HAVANA (Reuters) - Pope Francis met Cuba’s revolutionary leader Fidel Castro on Sunday hours after warning Cubans to beware the dangers of ideology and the lure of selfishness as their country enters a new era of closer ties with the United States.
Latin America’s first pope and Castro, the region’s last surviving leftist icon of the 20th century, discussed religion and world affairs at the home of the 89-year-old retired president for about 40 minutes.
Vatican spokesman Father Federico Lombardi said the meeting, which included Castro’s wife and other family members, was “very relaxed, fraternal and friendly.”
Francis gave Castro several of his official papal writings, two books on spirituality and a book and CD on the writings of Father Armando Llorente, a priest who taught Castro in Jesuit prep school more than 70 years ago.
Castro, who wore a blue-and-white track suit, gave him a copy of “Fidel and Religion,” a 1985 book of interviews with a Brazilian priest which lifted a taboo on speaking about religion in Cuba, then officially atheist.
Francis later went to the Palace of the Revolution, where he held private talks for about an hour with President Raul Castro, Fidel’s 84-year-old younger brother.
Raul Castro, an atheist like his brother, surprised the pope by giving him a sculpture of a life-sized crucified Jesus Christ against a backdrop of fishing nets and oars.
Francis met with Fidel Castro, who built a one-party state that improved health and education services for Cubans but also limits democratic freedoms and represses dissent, after celebrating Mass in Havana’s Revolution Square.
There, he spoke beneath massive portraits of revolutionary leaders Ernesto “Che” Guevara and Camilo Cienfuegos built into the facades of state buildings.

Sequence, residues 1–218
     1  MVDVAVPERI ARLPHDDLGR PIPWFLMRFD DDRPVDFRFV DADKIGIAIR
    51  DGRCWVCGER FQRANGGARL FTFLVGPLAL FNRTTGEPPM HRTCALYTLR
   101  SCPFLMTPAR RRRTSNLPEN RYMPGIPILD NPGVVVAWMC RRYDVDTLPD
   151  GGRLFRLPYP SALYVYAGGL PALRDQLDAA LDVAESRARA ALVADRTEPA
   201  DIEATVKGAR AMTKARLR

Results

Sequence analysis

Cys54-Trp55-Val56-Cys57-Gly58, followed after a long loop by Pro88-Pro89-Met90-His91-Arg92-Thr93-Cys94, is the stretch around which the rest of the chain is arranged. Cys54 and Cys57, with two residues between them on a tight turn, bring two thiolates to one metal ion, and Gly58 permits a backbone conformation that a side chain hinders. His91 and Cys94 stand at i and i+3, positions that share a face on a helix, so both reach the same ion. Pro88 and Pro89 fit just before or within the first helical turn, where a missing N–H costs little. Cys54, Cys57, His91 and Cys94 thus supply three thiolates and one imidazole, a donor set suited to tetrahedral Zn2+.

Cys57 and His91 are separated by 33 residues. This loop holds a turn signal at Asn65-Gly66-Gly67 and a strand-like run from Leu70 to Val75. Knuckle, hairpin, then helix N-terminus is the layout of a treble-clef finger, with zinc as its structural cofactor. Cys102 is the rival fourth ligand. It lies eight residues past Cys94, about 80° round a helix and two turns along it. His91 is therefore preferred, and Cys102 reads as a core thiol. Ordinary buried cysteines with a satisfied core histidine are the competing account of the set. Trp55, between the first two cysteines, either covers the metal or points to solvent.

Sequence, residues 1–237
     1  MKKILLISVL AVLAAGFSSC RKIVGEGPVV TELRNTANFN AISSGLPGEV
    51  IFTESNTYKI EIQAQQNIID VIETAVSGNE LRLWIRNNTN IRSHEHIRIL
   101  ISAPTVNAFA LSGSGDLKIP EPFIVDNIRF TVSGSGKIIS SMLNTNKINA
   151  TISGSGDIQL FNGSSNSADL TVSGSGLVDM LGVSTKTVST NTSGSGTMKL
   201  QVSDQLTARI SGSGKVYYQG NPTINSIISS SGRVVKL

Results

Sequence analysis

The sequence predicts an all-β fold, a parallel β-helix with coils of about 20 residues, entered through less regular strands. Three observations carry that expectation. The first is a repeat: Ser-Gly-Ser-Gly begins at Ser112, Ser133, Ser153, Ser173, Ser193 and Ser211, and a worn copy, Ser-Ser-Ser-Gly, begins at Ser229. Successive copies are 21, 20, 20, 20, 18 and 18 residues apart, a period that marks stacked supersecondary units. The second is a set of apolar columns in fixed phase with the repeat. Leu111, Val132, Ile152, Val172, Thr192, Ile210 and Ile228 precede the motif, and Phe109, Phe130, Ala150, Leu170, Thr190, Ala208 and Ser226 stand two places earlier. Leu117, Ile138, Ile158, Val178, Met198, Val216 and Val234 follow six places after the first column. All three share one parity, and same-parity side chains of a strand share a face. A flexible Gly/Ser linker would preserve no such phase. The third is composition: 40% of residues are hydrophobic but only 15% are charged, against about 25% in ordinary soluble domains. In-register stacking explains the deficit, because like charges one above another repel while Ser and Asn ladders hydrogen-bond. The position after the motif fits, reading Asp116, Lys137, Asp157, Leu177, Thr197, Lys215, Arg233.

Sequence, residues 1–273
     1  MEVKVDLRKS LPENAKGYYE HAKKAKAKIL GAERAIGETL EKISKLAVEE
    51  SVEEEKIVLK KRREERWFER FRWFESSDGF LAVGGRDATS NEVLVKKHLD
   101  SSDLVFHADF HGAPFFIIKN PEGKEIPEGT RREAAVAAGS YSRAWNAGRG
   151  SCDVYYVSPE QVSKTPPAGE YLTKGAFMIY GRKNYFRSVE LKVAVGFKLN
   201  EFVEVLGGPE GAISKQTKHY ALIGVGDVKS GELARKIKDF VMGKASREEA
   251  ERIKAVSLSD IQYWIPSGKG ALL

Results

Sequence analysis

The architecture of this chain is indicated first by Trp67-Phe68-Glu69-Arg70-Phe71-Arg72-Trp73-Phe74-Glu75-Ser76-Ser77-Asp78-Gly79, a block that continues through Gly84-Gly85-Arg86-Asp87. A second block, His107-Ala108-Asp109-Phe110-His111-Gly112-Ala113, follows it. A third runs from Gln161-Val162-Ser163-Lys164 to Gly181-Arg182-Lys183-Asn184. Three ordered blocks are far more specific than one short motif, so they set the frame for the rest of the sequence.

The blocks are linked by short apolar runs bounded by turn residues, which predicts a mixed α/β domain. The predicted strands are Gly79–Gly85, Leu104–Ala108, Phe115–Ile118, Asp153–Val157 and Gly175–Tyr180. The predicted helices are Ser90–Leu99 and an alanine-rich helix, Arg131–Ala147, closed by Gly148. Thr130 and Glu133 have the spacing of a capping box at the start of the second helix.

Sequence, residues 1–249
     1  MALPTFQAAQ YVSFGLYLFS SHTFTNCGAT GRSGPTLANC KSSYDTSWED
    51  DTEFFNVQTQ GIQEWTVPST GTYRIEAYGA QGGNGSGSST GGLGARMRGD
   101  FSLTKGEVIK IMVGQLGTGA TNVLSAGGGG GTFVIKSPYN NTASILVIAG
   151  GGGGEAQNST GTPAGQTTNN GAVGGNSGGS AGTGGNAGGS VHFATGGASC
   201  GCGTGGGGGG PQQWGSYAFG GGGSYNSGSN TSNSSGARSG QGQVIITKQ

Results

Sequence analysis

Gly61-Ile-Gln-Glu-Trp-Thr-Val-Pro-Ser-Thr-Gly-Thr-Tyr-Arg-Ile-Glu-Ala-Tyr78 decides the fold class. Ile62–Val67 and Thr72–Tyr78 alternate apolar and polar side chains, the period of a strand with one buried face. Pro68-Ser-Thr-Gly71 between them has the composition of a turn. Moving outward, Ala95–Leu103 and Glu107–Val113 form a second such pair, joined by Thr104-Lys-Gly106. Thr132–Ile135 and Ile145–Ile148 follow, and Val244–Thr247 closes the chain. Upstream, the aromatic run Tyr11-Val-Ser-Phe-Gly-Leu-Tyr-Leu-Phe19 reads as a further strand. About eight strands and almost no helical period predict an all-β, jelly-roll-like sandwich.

To welcome the pope, who helped bring about the recent rapprochement between Cuba and the United States, a similarly giant poster of Jesus Christ was hung nearby.
Francis delivered a mostly religious homily to the tens of thousands present, but sprinkled it with criticism of “elitism” and ideology.
“Service is never ideological for we do not serve ideas, we serve people,” he said at the Mass, attended by President Raul Castro and top members of the communist government.
Cuban police kept some dissidents from attending the Mass and pounced on others apparently attempting to hand out flyers near the plaza.
In what government foes could see as criticism of party bureaucracy, the pope said Jesus’ apostles foolishly argued about rank and he compared it to “those who climb the ladder most quickly to take the jobs which carry certain benefits”.
Francis also appeared to appeal to Cubans to look after each other as the country faces social changes and new economic opportunities.
He said they should continue to be “at the service of the frailty of your brothers and sisters” and “not neglect them for plans which can be seductive, but are unconcerned about the face of the person beside you”.
At the end of the Mass, the pope appealed to Colombia’s government and Marxist FARC guerrillas to ensure that nearly three years of peace talks in Cuba are successful in order to end their “long night” of war.
Between 30-40 dissidents were detained to stop them attending papal events, a dissident human rights group said.
Security agents wrestled two men and a woman to the ground at the edge of Revolution Square, then led them off, after they started shouting and tried to hand out flyers, a Reuters witness said.
Arriving on Saturday, Francis exhorted Cuba and the United States to deepen their detente, and encouraged Cuba to grant more freedom to the Roman Catholic Church, which has re-emerged as a powerful force after suffering decades of repression.
“His visit is cause for hope in our aspirations for improvement,” said biologist Benito Espinoza, 41, at Revolution Square. “We are an optimistic people, but we have suffered for many years.”
Francis will fly from Cuba to Washington on Tuesday.
He will meet with Obama and address both the U.S. Congress and United Nations.
Additional reporting by Nelson Acosta, Andrew Cawthorne, Anahi Rama and Marc Frank; Editing by Ros Russell and Kieran Murray